2008 Presidential Election, Race and Racism
Professor Vernellia Randall
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Turkey: Obama reverses course with major race speech

 

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TURKISH DAILY NEWS
March 20, 2008

Democratic presidential candidate Barack Obama - stung by the tempest over incendiary comments by his longtime pastor - took a risky step into America's black-white racial divide, acknowledging African-American anger and white resentment in his most thorough airing of the country's troubled racial history.

Until Tuesday, Obama, who has a white mother and black African father, had sought to play down the difficult issue but decided to reverse course in an apparent bid to recapture momentum in his campaign for the Democratic presidential nomination and to cap the growing storm over remarks by Rev. Jeremiah Wright.

Breaking a racial stalemate':

Standing before a row of eight American flags, Obama acknowledged passions in America's white, black, Asian and Hispanic communities as he urged the nation to break "a racial stalemate we've been stuck in for years."' "But the anger is real; it is powerful; and to simply wish it away, to condemn it without understanding its roots, only serves to widen the chasm of misunderstanding that exists between the races," he said.

Obama had been knocked off balance this month with primary election losses to rival Hillary Rodham Clinton in the key U.S. states of Texas and Ohio. Those defeats have been compounded in recent days as highly charged portions of Wright sermons surfaced on the Internet and found repeated airing on cable television.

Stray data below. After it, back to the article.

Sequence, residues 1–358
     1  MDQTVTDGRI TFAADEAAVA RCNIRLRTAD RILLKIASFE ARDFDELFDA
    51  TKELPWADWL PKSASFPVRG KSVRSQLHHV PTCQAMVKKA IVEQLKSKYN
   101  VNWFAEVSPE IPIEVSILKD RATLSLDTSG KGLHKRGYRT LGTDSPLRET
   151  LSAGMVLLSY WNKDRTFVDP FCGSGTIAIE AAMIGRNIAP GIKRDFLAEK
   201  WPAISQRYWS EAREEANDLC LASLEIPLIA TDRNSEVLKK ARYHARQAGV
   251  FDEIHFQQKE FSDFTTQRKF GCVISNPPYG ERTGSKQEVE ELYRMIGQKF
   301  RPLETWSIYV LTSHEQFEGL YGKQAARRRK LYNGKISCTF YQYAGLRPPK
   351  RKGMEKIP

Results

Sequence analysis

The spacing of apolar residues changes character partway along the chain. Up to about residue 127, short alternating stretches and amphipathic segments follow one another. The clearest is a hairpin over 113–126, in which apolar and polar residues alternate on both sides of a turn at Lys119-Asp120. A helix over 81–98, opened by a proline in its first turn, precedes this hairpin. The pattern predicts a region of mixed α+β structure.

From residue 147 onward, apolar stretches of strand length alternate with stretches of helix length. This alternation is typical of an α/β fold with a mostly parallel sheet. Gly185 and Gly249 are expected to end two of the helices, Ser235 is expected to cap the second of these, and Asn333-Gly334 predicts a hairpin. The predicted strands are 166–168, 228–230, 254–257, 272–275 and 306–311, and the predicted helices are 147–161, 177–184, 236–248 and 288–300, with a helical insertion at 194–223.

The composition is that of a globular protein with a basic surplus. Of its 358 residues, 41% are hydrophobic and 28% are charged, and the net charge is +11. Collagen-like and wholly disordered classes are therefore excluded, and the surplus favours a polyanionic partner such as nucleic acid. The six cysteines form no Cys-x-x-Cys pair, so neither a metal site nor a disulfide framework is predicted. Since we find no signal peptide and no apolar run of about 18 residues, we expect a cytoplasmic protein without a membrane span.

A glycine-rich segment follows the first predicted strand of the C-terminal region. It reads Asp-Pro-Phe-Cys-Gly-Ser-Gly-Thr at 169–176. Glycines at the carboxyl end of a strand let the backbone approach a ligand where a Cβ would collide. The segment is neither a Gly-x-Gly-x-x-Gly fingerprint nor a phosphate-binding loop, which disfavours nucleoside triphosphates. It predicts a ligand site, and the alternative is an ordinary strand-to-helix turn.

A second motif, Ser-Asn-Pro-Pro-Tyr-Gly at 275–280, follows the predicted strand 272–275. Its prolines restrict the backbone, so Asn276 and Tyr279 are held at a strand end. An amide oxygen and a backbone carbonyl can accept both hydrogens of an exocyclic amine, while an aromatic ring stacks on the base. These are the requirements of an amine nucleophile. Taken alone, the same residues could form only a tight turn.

Wright blames US

Wright, speaking from the pulpit soon after the Sept. 11, 2001 terrorist attacks, blamed U.S. foreign policy. Further inflaming some voters were separate Wright comments that God should damn, not bless, America for its long history of mistreating and discriminating against African-Americans, the descendants of slaves brought to the country in its early years.

While Obama rejected what he called "incendiary language" by Wright and said it presented a "profoundly distorted view" of America, the candidate refused to disavow the fiery preacher. "I can no more disown him than I can disown the black community. I can no more disown him than I can my white grandmother. These people are a part of me. And they are a part of America, this country that I love." Obama said Wright's words "rightly offend white and black alike." But, he said, race "is an issue that I believe this nation cannot afford to ignore right now."

And in the course of a nearly 5,000-word speech, Obama asserted: "This union may never be perfect, but generation after generation has shown that it can always be perfected."

Obama voiced his own frustrations, as well, over public handling of Wright's sermons. "I confess that if all that I knew of Reverend Wright were the snippets of those sermons that have run in an endless loop on the television and YouTube, or if Trinity United Church of Christ conformed to the caricatures being peddled by some commentators, there is no doubt that I would react in much the same way," he said. "But the truth is, that isn't all that I know of the man."

'Big leap':

During an ABC television interview broadcast Tuesday night, Obama said he always expected he would have to give the race speech, but that he did not anticipate the subject would come up in the way that it did. "This is a big leap for the country," he said. "Even me being the nominee is a big leap and then, obviously, actually being the president is a big leap. ... What I want to do is to make sure that we understand that my campaign is not premised on making history, but that, whoever is president, this is always going to be an ongoing issue that we have to struggle with and that, perhaps, I can lend some special insight into."

 
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